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Prohibited from the earliest times, in
almost every country in Eurojic 165

Tolerated for a while by the English
and Dutch ibid.

By England, during the three wars
which immediately preceded the
French revolution ibid.

Lord Hardwicke'a and Lord Mans-
fiild's decisions on the subject of
similar insurances 166

Dictated by political motives 167

Overruled by later decisions ibid.

The freedom of insurance ought to
be coextensive with the freedom
of trade 170

No insurance is lawful which is made
on a voyage prohibited by the laws
of the country 172

Even though it be made in general
terms ibid.

Property cannot be insured in En-
gland against capture by the cruiz-
ers of Great Britain, or her co-bel-
ligerents ibid.

Reason given therefor by the English
judges ibid.

Better reason afforded by an American
judge ibid.

On general principles, requires actual
cooperation and assistance 144
Particularly between privateers ibid.
But between vessels of war, political
considerations have induced in some
countries the admission of construc-
tive assistance 145
French and English law on this sub-
ject ibid.
Law of Holland 143
In cases of constructive assistance,
the being in sight at the lime of
capture is the principat criterion


But is not sufficient in England, in
favour of privateers claiming to
be joint captors with ships of war


Otherwise in favour of ships of war,
in competition with privateers ibid.

No precise English decision on this
point, in a case between privateers
only 145

Land forces in England, not entitled
to share in a capture without actual
cooperation 146

By the law of nations, pirates may be
tried and punished wherever found


But captures made by virtue of a com-
mission from a sovereign can only
be tried by the tribunals of the cap-
tor 134

Reasons given by professor Ruth-ef-
fort h in support of this doctrine


Various schemes proposed for vesting
this power in other tribunals ibid.

Hubner and Galiani ibid.

The tribunals of neutral sovereigns
will, however, restore the property
of their own subjects or citizens,
brought into their own ports 136

And prizes made in violation of their
neutrality ibid.

The courts of the United States have
done so in various instances ibid.

Act of Congress as to captures made
within the waters or jurisdiction of
the United States ibid.


Not extinguished, according to the
Roman law, by the confiscation of
the property pledged 80

Otherwise by the law of nations 81

Not so, however, when the property
is confiscated merely ex re, and not
ex delicto ibid.

The maxim of the civil law is Jiscus
crtlii creditoribua 8<5

With us the opposite maxim prevails,
et creditores cedunt Jisco ibid.

See Freight. Confiscation.


And generosity compared 5


See Immovables.


Not entitled to participate in the bene-
fit of a capture, without actual co-
operation and assistance 146

See Joint Captures.

Not to be condemned on account of
their being shipped on board the
same vessel with contraband goods


Unless all the goods belong to the
same owner ibid.

Not to be deduced from European
manners and customs 11,17
To be deduced from reason and usage


Or an almost perpetual succession of
treaties ibid.

Its principles may safely be sought
for in the rules of Roman jurispru-
dence 107

In the discussion of general principles,
we are bound to attend more to rea-
son than to treaties 109

The rules of the law of nations cannot
be dispensed with by individuals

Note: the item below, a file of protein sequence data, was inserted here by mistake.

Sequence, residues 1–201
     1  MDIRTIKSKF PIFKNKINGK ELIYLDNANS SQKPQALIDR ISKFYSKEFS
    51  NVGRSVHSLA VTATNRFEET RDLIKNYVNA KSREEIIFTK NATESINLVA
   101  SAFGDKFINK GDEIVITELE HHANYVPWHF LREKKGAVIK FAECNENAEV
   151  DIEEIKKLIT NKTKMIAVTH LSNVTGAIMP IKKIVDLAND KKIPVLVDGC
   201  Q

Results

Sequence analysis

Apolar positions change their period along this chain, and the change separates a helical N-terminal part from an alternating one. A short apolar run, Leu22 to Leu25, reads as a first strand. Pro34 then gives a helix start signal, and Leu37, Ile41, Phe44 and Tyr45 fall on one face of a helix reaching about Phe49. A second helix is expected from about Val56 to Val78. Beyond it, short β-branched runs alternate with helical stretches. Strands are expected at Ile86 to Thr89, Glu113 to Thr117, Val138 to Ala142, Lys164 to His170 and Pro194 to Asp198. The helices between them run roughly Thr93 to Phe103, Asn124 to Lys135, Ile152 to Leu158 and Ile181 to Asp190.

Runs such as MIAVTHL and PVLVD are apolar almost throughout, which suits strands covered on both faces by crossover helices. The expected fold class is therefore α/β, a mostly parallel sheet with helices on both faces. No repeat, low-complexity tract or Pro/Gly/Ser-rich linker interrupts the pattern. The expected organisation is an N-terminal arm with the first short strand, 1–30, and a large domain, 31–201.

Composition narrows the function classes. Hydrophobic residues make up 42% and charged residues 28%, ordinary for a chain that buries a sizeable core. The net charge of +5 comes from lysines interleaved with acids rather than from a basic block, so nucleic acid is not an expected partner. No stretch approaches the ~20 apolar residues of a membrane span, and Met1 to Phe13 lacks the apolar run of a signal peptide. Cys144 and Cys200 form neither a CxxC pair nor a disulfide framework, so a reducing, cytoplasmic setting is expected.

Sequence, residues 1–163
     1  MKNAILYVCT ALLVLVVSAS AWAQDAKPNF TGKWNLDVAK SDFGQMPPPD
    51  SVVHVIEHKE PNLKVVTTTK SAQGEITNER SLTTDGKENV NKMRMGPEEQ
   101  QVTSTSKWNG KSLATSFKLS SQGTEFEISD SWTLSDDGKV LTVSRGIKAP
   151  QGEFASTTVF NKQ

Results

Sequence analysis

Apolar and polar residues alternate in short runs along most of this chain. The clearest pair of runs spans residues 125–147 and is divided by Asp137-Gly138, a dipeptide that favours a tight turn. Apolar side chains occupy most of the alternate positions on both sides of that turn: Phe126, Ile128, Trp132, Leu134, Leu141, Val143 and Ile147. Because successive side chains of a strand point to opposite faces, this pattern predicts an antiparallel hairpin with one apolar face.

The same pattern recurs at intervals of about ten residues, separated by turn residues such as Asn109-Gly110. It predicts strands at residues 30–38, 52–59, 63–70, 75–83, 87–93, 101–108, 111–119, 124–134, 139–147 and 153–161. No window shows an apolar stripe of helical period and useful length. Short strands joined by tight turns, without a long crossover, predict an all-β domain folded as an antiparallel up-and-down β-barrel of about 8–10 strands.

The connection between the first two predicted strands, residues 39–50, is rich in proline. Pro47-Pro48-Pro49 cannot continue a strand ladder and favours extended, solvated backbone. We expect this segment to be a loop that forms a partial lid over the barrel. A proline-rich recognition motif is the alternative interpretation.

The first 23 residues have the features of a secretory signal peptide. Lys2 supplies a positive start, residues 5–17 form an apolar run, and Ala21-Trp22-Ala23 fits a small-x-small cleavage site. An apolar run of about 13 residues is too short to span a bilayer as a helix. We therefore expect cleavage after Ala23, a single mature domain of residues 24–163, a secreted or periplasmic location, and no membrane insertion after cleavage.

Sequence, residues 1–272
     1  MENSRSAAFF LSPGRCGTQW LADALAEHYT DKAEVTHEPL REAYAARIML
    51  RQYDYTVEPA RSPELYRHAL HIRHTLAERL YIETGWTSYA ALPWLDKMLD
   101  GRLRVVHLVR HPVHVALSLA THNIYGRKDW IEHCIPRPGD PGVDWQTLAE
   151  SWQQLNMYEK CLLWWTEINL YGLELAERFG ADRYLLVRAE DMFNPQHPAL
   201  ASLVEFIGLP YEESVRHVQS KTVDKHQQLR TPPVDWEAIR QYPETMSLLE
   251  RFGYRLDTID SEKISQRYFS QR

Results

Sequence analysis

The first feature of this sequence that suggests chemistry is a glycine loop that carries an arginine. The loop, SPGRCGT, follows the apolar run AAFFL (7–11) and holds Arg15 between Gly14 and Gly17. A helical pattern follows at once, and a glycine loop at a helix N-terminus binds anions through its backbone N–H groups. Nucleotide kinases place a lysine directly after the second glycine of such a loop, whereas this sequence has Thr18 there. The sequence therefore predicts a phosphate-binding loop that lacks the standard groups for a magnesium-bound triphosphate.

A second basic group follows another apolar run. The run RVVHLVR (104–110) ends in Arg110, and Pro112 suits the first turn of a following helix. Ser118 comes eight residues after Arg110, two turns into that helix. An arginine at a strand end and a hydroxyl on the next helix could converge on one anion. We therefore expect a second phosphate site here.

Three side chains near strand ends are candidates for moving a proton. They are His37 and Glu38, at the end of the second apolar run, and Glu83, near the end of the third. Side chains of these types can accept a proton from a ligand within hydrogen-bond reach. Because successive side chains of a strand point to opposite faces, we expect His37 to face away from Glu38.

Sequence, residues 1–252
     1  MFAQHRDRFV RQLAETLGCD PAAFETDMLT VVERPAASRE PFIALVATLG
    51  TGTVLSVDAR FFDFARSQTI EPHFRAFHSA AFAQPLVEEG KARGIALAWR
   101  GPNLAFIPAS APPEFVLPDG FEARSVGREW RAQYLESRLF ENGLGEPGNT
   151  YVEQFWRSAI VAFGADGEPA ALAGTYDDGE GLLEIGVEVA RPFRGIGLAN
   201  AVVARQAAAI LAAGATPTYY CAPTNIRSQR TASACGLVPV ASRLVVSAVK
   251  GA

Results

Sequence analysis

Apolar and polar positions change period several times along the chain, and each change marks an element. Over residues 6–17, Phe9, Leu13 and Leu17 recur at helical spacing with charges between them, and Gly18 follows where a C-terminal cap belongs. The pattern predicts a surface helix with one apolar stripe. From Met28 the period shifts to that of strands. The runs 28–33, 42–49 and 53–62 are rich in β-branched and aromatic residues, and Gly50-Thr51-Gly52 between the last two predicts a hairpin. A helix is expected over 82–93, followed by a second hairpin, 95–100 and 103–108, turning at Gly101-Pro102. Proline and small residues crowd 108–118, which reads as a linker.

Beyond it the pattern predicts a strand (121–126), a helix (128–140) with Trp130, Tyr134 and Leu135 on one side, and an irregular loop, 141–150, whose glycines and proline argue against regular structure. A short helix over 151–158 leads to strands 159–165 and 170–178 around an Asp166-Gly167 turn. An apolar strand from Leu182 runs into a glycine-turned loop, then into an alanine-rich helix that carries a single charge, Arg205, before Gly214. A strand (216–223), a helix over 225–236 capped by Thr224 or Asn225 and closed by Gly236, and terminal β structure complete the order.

To affect future, and not past trans-
actions 170

Capture by the French of an English
vessel near the port of 61

Is the old technical name for a priva-
teer's commission 183
Is often applied to designate a mer-
chant vessel armed for defence ibid.
See Reprisals.


See Jus Pignoris. Freight. Confisca-


Or Loan at Maritime Risk.
What it is at the civil law 192
See Bottomry.

Distinguished from civil rights 116
Evidenced by possession only ibid.

Residing on the enemy's territory,
to be considered as enemies 25
Not to interfere with the war, or what
relates to the war 67
Have nothing to do with the justice
or injustice of the war 68, 70, 71,


Unless threatened with danger 70
Grotius of a different opinion 67
Not to send arms or men to either
party 68, 70

May trade with the belligerents in
every kind of merchandize, except
contraband, as they did before the
war 76
May freely trade with either bellige-
rent in innocent articles 104
A neutral violating his neutrality is
considered by the belligerent as
an individual enemy 172

No act of hostility to be committed
within reach of their cannon 63
Bat fresh pursuit may be continued


Provided the fortresses are spared,
though they should assist the ene-
my ibid.

Cannot lawfully be occupied by a bel-
ligerent, for fear his eneniv slwuld
do the same 19ff

Various opinions on this subject ibid-

On the territory of a belligerent, can-
not be made prize 2i

Nor when taken on board of an ene-
my's ship 100

Though the owner knew her to be a
hostile vessel 104

Are however presumed to belong to
enemies, until the contrary is prov-
ed 101, 104

And are considered as good prize by
the modern law of nations 103

Rule of the Comolato on this subject


Old French law, that the goods of an
enemy confiscate those of a friend


drotius endeavours to explain it away


But Vatin rebukes him for it 103
Modern law of nations confiscates
neutral gootis on board of an ene-
my's ship, but leaves enemy's goods
on board of a neutral vessel free


Defined 66
Divided into absolute and qualified 69
Difficult to draw the line between a
qualified neutrality and an alliance


Our author seems to confound them
together 75

No adequate word in the Latin lan-
guage to express neutrality 66

Its general duties ibid.

The Dutch once considered it lawful
for their subjects to fight for either
party 67

Not approved ibid.

Whether a prize may be lawfully con-
demned while lying in a 118
See Presidia.

Law of Holland, that neutral ships
coming from enemy's ports might
be lawfully condemned 73

Was special, and made for the occa-
sion 73
Explained 30,87


No hostilities to be committed there-
on 58, 64

Nor in neutral ports 58

Nor at sea within reach of cannon
shot from the neutral shore 59